By our estimates, more than 800 LMS vendors compete in today’s learning platforms marketplace in 2019 (up from 600 we originally tracked in 2014). These LMS vendors range from global software companies to tiny cloud vendors.
Why so many? How do they all survive? Who is buying these systems? And what are they accomplishing with them?
I believe this spike can be explained by a combination of factors – primarily the rise of cloud computing and software-as-a-service (SaaS) business models, as well as growing interest in extended enterprise learning.
The Impact of the Cloud and SaaS Business Models
The cloud has lowered the barrier of market entry for LMS vendors. New LMS vendors with minimal investment can create a SaaS cloud LMS of limited scope to target a specific business problem, industry or region with a low-cost solution.
The SaaS model implies that the vendor puts its LMS online in the cloud, and all of their customers access the same LMS via a web browser.
Every customer has its own unique, secure area with its own content, users and business rules, and is unaware of any fellow clients on the common platform.
This approach eliminates many technical considerations and implementation tasks/fees. It also simplifies the process, and cost of support and maintenance. This makes it a good deal for buyers and sellers if buyer requirements match seller functionality.
In a SaaS model, customers pay a monthly or annual fee to use the platform – forever. So with each new customer, the vendor builds an incremental, predictable, profitable and recurring revenue stream.
Revenue is reinvested in expanding functionality to broaden the vendor’s market and price point. It’s a great business model, and I know over 100 vendors who think so, also!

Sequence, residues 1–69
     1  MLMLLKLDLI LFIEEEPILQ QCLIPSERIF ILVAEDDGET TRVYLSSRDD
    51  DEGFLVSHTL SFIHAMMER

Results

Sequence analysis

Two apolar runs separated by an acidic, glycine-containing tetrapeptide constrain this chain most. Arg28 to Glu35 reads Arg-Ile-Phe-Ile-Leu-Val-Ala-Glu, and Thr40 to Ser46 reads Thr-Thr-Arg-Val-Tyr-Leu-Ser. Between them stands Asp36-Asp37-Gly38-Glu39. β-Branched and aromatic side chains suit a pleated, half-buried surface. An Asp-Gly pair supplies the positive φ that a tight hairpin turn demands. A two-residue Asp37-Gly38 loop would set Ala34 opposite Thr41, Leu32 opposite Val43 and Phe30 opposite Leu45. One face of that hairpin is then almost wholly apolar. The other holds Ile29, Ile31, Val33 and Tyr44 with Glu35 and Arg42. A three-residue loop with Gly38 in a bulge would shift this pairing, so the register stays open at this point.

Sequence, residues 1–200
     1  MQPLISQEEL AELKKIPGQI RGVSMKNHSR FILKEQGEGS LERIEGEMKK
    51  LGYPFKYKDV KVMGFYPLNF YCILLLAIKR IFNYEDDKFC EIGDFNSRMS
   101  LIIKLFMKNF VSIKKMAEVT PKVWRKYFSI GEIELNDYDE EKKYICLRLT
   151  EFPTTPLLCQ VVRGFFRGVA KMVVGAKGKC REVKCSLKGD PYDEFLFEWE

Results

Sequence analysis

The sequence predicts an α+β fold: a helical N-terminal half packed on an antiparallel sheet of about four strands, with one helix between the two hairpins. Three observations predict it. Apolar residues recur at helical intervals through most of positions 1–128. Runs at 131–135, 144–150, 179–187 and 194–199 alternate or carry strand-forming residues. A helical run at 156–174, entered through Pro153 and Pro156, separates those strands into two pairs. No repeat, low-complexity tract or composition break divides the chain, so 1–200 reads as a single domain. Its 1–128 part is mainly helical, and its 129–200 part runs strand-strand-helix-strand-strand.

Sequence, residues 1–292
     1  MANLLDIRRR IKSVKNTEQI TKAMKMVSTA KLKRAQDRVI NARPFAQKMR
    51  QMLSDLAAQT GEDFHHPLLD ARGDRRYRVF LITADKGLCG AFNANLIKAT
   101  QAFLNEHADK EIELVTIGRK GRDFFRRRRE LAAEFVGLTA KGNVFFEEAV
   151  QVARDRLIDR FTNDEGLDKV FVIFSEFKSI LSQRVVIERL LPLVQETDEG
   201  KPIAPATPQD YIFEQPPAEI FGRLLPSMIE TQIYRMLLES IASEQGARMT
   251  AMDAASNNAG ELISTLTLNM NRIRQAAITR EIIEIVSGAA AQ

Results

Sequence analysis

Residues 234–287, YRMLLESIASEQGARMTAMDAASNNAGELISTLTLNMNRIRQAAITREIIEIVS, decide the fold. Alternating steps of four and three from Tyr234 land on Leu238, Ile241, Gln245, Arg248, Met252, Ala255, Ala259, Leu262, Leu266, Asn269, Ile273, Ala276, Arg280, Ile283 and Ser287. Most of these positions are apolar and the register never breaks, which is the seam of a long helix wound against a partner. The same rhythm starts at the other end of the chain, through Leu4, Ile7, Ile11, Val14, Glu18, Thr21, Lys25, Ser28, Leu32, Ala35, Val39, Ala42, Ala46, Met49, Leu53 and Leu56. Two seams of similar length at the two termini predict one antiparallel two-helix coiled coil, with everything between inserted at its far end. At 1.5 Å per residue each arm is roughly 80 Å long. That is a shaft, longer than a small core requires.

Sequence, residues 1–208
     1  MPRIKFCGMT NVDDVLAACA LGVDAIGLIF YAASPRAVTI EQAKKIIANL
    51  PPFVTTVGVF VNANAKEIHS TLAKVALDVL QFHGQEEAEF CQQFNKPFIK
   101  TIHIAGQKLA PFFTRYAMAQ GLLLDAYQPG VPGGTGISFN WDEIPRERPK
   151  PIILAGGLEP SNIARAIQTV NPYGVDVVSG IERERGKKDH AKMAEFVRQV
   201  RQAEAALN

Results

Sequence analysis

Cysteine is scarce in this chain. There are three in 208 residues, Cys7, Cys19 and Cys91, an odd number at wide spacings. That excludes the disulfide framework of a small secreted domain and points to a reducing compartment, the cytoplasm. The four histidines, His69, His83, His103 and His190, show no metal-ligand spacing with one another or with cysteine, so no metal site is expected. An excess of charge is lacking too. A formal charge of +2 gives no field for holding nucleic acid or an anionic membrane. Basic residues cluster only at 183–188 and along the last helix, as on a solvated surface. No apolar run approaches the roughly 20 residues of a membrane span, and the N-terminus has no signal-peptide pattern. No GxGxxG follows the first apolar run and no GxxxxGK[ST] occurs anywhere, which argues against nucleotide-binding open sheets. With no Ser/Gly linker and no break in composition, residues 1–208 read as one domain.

Extended Enterprise is the Growth Sector
If the cloud and SaaS model made new vendors possible, then extended enterprise learning gave them something in which to specialize.
Corporations have the need to train both internal employees and their extended enterprise audiences – channel partners, customers and prospects. The responsibility to train these distinct learner audiences many times falls to unrelated business units. Each business unit can have its own budgets and buying cycles.
The purchase point for employee LMS initiatives is typically in human resources, while the purchase point for extended enterprise initiatives can be in sales, marketing, channel management or customer service departments.
Unless these groups explicitly decide to work together, they won’t. This leads to multiple LMSs in the same corporation.
Because extended enterprise LMS buyers are not from HR, they do not know the HR nomenclature, making it tough for them to describe their requirements and communicate with HR-focused LMS vendors.
Extended enterprise buyers know, for example, that they want to easily train their customers with online training, but do not know the terms LMS, authoring tool or SCORM. They have a business problem they want to solve, and are looking for the most direct path to qualified, specialist vendors.
In reaction to the market demand, LMS vendors have been founded specifically to target customer, channel, franchise, dealer, customer or prospect use cases. With unique audience and purchase points, these vendors leave employee learning behind and compete freely anywhere in the global extended enterprise marketplace. There is no dominating vendor in extended enterprise learning, encouraging even more vendors to enter the market.
LMS Vendor Market Growth: Conclusion
All of this has led to a fragmentation of the corporate LMS market. There is now an LMS for every industry, need and budget – from individuals to the largest global corporations. Due to a better license model and technical efficiency of the cloud, new LMS vendors have flooded the market.
Many have chosen to target the extended enterprise market because of the independent, non-HR buying point. Taken together, it is a perfect storm for fierce competition. Fun times ahead!
Thanks for reading!